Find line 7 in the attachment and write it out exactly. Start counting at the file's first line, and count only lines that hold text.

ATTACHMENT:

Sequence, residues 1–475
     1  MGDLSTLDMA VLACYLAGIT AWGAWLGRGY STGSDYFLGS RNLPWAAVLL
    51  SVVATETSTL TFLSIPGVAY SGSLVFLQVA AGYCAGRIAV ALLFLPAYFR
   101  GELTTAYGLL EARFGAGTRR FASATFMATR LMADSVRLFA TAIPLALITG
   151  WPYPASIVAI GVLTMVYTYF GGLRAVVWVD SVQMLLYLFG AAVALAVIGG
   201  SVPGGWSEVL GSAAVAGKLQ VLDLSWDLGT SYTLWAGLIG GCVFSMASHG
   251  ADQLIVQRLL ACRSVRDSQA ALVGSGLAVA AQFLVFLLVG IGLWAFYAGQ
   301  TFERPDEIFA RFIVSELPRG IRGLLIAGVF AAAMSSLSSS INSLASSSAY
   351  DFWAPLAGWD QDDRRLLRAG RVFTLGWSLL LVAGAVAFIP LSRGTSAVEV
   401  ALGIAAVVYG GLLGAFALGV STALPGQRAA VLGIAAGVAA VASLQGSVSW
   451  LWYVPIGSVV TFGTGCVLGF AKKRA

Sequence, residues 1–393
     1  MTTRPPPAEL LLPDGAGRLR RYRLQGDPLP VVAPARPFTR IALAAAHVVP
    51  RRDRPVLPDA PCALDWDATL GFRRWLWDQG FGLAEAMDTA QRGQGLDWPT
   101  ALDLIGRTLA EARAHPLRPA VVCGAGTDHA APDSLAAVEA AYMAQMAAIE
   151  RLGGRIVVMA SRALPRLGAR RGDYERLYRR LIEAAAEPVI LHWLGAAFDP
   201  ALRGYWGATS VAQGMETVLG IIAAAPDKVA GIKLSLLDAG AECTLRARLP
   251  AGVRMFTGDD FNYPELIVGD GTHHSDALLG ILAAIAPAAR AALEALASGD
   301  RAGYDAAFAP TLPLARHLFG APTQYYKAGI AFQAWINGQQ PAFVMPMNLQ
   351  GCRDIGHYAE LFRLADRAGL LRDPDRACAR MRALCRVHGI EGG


   251  ADQLIVQRLL ACRSVRDSQA ALVGSGLAVA AQFLVFLLVG IGLWAFYAGQ